How to Make 3D Split-Depth Videos in Adobe After Effects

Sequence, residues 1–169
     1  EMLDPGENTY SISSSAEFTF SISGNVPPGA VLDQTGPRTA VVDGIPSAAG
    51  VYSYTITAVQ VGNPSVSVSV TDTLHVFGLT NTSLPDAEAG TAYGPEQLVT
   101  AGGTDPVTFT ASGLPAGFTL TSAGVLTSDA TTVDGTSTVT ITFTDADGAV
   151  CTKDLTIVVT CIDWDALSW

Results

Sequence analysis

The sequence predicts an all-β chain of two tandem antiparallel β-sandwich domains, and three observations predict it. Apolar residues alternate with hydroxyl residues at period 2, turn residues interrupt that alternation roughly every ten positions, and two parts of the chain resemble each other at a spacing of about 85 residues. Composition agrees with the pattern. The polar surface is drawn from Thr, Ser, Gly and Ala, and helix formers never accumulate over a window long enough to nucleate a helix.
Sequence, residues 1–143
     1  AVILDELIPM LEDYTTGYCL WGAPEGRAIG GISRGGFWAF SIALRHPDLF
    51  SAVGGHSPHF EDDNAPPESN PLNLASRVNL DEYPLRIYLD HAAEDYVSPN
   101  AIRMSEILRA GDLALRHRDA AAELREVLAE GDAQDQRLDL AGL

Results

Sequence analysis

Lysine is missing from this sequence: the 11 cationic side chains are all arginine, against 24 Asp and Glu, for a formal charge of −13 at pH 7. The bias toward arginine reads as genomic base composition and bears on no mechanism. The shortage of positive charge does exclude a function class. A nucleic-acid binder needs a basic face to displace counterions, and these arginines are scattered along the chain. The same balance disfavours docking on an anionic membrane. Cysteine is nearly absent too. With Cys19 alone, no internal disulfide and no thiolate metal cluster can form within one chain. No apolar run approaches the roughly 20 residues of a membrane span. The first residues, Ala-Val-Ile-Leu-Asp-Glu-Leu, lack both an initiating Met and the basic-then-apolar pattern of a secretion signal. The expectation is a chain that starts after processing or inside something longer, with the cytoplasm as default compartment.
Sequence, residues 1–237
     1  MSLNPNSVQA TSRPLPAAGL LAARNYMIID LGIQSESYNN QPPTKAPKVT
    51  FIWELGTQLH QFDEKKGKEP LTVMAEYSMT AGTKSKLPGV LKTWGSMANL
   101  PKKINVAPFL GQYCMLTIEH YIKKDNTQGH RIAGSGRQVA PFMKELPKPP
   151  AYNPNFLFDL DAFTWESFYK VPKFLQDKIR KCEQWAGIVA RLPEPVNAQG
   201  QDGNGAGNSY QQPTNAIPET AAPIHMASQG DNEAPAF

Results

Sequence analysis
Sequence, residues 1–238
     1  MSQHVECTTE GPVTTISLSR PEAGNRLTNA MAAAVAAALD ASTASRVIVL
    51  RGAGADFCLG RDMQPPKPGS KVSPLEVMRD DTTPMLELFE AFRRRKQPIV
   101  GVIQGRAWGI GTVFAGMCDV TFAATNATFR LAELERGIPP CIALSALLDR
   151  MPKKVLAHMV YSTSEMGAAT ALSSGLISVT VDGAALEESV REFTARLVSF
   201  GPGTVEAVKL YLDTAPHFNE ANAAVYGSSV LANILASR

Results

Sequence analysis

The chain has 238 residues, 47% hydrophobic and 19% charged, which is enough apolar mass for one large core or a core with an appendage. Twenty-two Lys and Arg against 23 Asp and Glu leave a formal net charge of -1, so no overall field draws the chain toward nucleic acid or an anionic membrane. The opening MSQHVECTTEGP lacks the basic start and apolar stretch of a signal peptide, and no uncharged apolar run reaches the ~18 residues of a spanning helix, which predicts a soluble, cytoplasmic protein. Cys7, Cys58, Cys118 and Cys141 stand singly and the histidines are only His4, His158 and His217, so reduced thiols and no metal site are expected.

first_imgWant to make a short clip pop out of frame without a 3D camera? Learn how you can easily create stunning 3D videos in After Effects.Split-Depth videos and GIFs have been a staple on the internet and social media for quite a while now. There’s even a whole community dedicated to creating these 3D videos on Reddit. If you aren’t familiar with the style, check out this example of a baseball bat seemingly coming out of its own frame:Now as a casual subscriber of that subreddit and a general fan of the trend, I’ve always been interested in seeing how they create these videos. After sitting down with After Effects for a few hours, it became simpler than I originally thought. So to help you create your own, here’s the workflow that I used to create this stylized video.Find or Record a Video That PopsThe key to making an effective split-depth video is finding or recording footage that pops into the front of the frame or crosses into a different plane. That way, when you add the bars to make an effective split depth, you can separate the portion of the video that moves into the foreground into a different plane than the background. For our example, we have a boxer punching into the foreground, whom we will separate from the subject.Create Your After Effects Project and Add White SolidsOnce you have your video downloaded or recorded, import it into After Effects. After it is loaded into your timeline, right-click and select New > Solid. Make it white, and a box will appear on your composition window. Narrow it down to a bar size that goes from one side of the frame to the other. Copy and paste the solid and move the new bar to the mirror side of the video.Depending on your video, you can choose between the bars being horizontal and vertical. It all depends on which way your image will be popping into the foreground. For our example, I chose to use horizontal bars. Align the bars to your chosen locations. Now, it’s time to get rotoscoping.Rotoscoping Your Foreground ImageI know rotoscoping always sounds like the most tedious part of editing, but since you’re only roto-ing through two small bars, it’s actually a lot simpler than it sounds. It starts with creating a mask on your solids by right-clicking them and selecting Mask > New Mask. The default mode of these masks is the Add mode, which makes whatever is inside the mask visible. Change the Add mode to Subtract by selecting it in the dropdown menu to the right of the mask’s layer in the timeline. This will block out the solid contained within the mask by flipping it inside out.Find a point in your video where you want an object to pop into the foreground. From here, start keyframing your masks to block out the white solids over the foreground image. Continue keyframing the foreground object until it is completely passed through the white bars, or your video has ended. (If you haven’t rotoscoped before and need a quick refresher, check out this post.)Export Your Video (And Possibly GIF It)Once you have completely rotoscoped your bars to make it truly “split-depth,” go ahead and export the footage. Now, you can use this clip however you want, but if you want to use it as a GIF (so you can post it to Reddit for that sweet, sweet Karma), follow this tutorial to create your own. Or, if you’re feeling like creating an entire video with split-depth effects, you can conjure up a video like the FEMM did in their music video for “Do It Again.” Looking for more After Effects tutorials? Check these out.Video Tutorial: How to Morph Graphics Using Adobe After EffectsHow to Create an Animated Circle Burst in Adobe After EffectsVideo Tutorial: Create an Action Promo With After EffectsEverything to Know About Layer Styles in After EffectsCreate a Glitch Effect For Logos and Titles in After Effectslast_img